Family grieves as legal battles with suspects Edgardo Colon, Tyrone Clay and Alexander Villa continue
CHICAGO (WLS) -- It's been 11 years, and still the Chicago Police Department remembers, like they do every year, the anniversary of Officer Clifton Lewis' murder on December 29. He was killed while off-duty, working a second job as a security officer at an Austin neighborhood convenience store.
"This is always a rough day for me," 15th District Cmdr. Andre Parham said. "Cliff was more than just another police officer. Cliff was a friend."
Edgardo Colon, Tyrone Clay and Alexander Villa were all arrested and charged in connection with the murder. But did they do it? Eleven years later, all three cases are still ongoing.
Confessions obtained from the first two-both of which were recanted-were thrown out leading to Colon's conviction being overturned in 2020 and Clay not even standing trial yet. Meanwhile, attorneys for Villa, who has been convicted but not yet sentenced, are asking for a new trial.
"We now have evidence that shows that they didn't do it," said Jennifer Blagg, Villa's defense attorney.
According to Blagg, that evidence includes a 2012 FBI map that allegedly shows where each of the accused were on the day and time of the murder based on their cell phone activity.
"Police believed that at the time of this crime, the first person who implicated everyone was about three miles away at the exact minute of the crime," Blagg said. "The other thing that the map shows that's telling is that these men were never together the entire day. Not one time."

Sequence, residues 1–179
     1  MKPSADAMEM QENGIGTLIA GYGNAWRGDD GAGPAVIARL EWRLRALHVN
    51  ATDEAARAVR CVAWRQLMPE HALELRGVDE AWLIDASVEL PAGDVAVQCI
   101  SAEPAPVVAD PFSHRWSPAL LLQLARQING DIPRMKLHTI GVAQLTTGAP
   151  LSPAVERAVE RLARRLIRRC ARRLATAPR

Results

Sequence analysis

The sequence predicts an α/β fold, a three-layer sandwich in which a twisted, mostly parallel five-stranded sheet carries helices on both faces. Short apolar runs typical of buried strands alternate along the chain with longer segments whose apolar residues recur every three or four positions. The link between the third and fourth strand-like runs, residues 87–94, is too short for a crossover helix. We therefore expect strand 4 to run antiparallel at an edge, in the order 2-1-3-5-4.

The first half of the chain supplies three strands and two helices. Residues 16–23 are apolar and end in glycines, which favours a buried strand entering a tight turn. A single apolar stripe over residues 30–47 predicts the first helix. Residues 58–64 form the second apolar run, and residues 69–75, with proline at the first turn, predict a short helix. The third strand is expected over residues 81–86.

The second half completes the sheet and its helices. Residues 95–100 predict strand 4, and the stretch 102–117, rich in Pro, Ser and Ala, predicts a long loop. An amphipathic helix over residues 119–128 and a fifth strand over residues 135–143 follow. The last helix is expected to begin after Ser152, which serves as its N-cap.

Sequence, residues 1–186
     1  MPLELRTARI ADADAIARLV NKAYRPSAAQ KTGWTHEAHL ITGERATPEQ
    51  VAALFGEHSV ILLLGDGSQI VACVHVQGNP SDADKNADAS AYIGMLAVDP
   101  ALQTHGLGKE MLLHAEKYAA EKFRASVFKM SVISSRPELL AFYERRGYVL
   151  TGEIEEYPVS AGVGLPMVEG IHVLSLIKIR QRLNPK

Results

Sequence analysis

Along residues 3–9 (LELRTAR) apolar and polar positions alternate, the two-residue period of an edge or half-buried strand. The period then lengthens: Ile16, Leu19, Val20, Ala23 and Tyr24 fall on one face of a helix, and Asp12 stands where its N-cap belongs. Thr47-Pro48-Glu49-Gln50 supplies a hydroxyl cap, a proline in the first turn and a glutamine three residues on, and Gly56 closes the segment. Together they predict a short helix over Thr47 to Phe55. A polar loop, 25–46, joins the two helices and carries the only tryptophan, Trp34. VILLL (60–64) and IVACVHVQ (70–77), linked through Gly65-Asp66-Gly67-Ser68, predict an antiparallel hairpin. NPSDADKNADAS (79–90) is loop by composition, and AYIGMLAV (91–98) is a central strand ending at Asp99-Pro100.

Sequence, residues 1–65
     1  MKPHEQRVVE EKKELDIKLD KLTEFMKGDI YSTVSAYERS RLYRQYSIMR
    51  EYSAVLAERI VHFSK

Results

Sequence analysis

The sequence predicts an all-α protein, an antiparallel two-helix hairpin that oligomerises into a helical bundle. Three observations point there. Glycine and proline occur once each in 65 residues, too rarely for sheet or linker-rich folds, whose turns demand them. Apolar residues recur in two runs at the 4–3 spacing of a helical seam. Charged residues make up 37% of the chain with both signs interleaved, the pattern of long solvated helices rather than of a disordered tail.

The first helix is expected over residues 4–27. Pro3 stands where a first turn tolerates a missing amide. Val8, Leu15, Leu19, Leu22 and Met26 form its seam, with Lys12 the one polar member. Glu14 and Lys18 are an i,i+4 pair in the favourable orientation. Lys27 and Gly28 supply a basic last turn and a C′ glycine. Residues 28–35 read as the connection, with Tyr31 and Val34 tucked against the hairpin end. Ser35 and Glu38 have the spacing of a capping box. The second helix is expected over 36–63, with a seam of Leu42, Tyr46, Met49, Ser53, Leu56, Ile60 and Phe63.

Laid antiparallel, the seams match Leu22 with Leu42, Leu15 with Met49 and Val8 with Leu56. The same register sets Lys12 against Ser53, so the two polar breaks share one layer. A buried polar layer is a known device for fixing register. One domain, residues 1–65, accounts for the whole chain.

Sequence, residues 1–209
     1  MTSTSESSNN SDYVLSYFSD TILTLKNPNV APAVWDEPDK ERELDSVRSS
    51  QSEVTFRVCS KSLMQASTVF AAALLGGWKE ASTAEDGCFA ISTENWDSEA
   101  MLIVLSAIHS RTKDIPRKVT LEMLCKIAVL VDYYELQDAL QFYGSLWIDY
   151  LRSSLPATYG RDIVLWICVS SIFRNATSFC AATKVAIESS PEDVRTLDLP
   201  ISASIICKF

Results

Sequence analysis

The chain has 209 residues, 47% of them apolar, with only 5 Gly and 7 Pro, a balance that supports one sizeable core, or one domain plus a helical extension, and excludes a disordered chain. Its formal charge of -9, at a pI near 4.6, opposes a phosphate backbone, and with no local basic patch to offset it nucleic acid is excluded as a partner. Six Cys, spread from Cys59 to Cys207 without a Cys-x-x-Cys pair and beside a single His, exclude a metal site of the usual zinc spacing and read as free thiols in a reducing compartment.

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In separate statements, a spokesperson for CPD referred all questions to the Cook County State's Attorney's office, which in turn would not comment on the cases, citing pending litigation.
But in a September court filing, prosecutors said: "The [defense] motion in its tone and tenor is implying the People hid evidence from the defense. This is not true." Prosecutors added that the FBI's original cell tower mapping report is wrong, saying, "There is a well-documented mistake in the charting times."
But even as the legal battles continue, there is still a family grieving. Lewis' fiancée Latrice Tucker remembers the man who took a second job to help pay for a wedding that didn't get to happen.
"I told him we had to have this huge ceremony because I want to be queen for a day and you need to be king of a day," she recalled.
Even as all three cases proceed separately, Villa's attorney said she expects to eventually join with the others to request the charges against all of them be dismissed.